You realised it at Christmas.
You saw Mum and you saw vulnerability for the first time.
Perhaps her frailty has been there for a while — but her indomitable spirit — well, okay, her stubborn nature that everything was alright and she was FINE — eased your concerns over the past year.
And you’ve been so busy, what with pressures of work, all the activities for the kids…
It was easy to be reassured and set those worries aside.
And then you saw it again, worsened, on Mothers Day.
“I’m worried about Mum”
Maybe your sister called you. “I’m worried about Mum,” she began.
And now the door has opened, or the floodgates have opened, and you’re awash with concern about What. Is. To. Be. Done.
Where do you even begin?
What are these things called ACATs? Or ACAS? Who can we speak to?
Does her doctor realise how things are progressing? And how bad they’ve become.
What can we afford as a family? What can Mum afford?
Is there help she’s entitled to?
Does this help come with strings attached?
And the bureaucracy! Dealing with Centrelink! Which you haven’t had on your radar for years and years.
How are you going to find the time to sit on hold and speak to someone — and you don’t even know what information you need to have ready *before* you speak to them.
How do we join together as her children
How do we come together as her children and make sure that everything is handled?
It sounds disrespectful even to use the word “handled” — like Mum is some kind of problem that you have to deal with.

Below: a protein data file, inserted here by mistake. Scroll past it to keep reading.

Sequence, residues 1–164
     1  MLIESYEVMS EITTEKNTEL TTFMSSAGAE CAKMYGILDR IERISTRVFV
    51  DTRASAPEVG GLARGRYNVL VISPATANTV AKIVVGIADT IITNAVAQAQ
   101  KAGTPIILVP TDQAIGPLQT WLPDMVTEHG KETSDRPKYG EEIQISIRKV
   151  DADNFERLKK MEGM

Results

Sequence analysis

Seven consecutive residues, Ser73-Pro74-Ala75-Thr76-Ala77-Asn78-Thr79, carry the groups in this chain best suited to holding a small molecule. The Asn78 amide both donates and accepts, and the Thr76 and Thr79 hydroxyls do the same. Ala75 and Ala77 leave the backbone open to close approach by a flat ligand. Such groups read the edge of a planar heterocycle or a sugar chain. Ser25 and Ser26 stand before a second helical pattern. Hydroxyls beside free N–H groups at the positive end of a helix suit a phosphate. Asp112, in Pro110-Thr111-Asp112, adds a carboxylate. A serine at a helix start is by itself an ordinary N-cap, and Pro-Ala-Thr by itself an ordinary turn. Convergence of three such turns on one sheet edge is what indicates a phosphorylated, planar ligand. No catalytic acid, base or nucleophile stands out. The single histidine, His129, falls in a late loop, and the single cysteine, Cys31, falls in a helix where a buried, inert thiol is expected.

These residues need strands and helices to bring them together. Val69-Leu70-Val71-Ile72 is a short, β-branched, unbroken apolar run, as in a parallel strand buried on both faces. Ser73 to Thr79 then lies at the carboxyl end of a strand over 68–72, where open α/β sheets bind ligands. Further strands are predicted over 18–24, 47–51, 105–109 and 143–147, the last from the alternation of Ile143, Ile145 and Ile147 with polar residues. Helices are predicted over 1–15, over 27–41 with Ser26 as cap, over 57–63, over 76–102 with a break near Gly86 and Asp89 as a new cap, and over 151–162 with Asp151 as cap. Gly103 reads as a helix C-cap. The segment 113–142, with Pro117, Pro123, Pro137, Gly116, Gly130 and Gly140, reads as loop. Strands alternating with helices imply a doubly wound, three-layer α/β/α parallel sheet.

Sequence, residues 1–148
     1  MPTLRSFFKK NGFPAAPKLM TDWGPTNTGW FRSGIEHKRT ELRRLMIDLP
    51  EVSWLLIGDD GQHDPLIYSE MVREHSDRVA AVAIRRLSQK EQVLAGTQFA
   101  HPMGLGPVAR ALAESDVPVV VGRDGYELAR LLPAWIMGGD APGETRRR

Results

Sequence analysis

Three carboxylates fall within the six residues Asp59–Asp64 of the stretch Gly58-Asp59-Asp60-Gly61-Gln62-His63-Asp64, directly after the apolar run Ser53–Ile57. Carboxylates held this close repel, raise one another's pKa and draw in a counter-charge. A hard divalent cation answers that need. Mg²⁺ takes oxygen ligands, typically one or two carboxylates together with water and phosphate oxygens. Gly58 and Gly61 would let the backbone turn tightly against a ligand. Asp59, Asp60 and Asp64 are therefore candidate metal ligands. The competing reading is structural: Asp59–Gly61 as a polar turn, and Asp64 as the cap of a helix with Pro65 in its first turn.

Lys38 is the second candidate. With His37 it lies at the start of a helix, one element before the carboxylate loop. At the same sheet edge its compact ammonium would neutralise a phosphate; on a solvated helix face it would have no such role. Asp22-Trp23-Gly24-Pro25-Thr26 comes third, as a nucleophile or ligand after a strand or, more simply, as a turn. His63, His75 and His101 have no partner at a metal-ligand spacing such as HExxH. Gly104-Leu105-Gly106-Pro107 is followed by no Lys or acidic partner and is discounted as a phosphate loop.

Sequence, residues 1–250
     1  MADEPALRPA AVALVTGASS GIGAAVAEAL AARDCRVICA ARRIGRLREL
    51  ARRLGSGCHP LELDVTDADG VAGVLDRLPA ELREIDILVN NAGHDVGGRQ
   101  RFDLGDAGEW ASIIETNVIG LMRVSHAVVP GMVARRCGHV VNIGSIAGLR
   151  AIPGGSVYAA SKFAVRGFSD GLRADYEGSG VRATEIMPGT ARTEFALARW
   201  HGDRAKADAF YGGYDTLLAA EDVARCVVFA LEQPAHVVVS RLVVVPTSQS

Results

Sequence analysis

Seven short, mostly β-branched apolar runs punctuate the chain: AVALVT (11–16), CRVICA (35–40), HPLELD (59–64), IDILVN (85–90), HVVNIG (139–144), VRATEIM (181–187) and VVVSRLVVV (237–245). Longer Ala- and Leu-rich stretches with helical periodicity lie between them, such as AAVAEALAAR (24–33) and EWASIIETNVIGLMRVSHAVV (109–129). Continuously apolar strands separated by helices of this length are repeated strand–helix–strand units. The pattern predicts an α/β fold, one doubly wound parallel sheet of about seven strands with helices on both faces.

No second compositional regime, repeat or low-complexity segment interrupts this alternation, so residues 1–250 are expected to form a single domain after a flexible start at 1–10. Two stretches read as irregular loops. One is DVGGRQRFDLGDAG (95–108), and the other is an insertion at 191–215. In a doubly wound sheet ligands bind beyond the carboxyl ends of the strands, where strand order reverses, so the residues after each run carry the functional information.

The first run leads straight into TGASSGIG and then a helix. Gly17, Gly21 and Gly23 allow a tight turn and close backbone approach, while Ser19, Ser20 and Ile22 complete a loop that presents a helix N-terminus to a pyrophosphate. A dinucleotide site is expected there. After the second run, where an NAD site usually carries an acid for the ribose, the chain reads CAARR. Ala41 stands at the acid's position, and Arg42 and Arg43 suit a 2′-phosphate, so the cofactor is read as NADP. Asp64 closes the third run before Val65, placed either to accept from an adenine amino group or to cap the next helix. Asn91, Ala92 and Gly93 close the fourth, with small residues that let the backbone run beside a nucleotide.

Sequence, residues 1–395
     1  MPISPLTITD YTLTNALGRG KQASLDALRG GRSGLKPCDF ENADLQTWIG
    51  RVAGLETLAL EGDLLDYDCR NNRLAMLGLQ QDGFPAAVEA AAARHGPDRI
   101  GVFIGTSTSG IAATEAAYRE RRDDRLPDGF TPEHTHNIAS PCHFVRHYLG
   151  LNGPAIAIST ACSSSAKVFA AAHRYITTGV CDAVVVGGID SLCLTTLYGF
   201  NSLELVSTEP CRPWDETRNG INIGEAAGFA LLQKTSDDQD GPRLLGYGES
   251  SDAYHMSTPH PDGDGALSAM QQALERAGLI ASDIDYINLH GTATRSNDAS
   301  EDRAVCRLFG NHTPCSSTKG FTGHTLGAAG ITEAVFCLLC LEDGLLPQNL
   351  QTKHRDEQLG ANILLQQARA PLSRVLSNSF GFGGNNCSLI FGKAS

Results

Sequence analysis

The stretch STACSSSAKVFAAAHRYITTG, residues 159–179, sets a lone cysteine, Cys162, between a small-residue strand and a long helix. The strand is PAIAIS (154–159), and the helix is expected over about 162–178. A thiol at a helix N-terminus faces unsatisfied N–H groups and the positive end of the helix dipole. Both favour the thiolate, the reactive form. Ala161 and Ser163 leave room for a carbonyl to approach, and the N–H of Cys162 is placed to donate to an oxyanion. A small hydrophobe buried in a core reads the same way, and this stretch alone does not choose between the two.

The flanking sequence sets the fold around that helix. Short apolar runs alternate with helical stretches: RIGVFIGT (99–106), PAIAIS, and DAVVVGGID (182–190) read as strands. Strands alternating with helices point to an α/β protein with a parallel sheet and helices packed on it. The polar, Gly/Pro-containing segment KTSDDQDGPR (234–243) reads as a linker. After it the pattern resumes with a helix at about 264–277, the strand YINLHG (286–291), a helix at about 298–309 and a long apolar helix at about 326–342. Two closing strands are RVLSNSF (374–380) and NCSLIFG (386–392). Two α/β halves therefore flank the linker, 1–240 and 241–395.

But you know deep in your heart that the time has come for you as her children to gather and support her through this transition.
It’s frightening and overwhelming.
You’re scared on a deep level that decisions will be made in ignorance that can’t easily be undone.
Everyone’s emotional. Everyone’s raw.
Everyone is questioning everyone else’s motives.
There is fear, and where there is fear, there’s tension erupting.
Why is your brother deciding that Mum needs to sell her home before even we know what’s going on, or what’s ahead, or what decisions need to be made on Mum’s options for the next step?
Maybe Mum doesn’t need the highest level of care that your brother is assuming.
And you’re asking yourself — but what if I’m in denial about this and what if he’s right?
How does your decision making as a family go if there are dementia issues to address within the choices for Mum’s care?
What do you need to think about differently if your Mum’s issues are of a more physical nature — a chronic condition that she’s had for a while, and that’s deteriorating — but her mind is fine.
Maybe the most important thing is that she stays in her local area where she’s lived for the past fifty years and that she’s deeply connected to, where her friends are.
Or maybe, being realistic, it’s more important that she’s somewhere closer to where *we* live, so we can visit her often and the kids can see her too.
But is my need for convenience overriding what Mum really requires?
How are we going to balance the needs of the family around this — our kids, her grandchildren — visits, school, work and all the rest of it.
As intelligent as you are — no matter how many checklists you download, no matter how much you read, you are really worried that you’re missing some crucial step or some critical deciding factor, that will impact on your Mum’s happy and comfortable future.
Stories from your friends are not helping
Stories from your friends don’t provide you with much comfort. It seems as if we’re all operating in some secret society where the knowns and unknowns are murky and different for every single family, every single elder, and every single health condition.
You hate that “aging” has come to this.
You hate that this “system” has evolved within our society that means we lead lives where we can’t easily or conveniently access or tap into the assistance with this pathway on the journey that we are ALL going to take.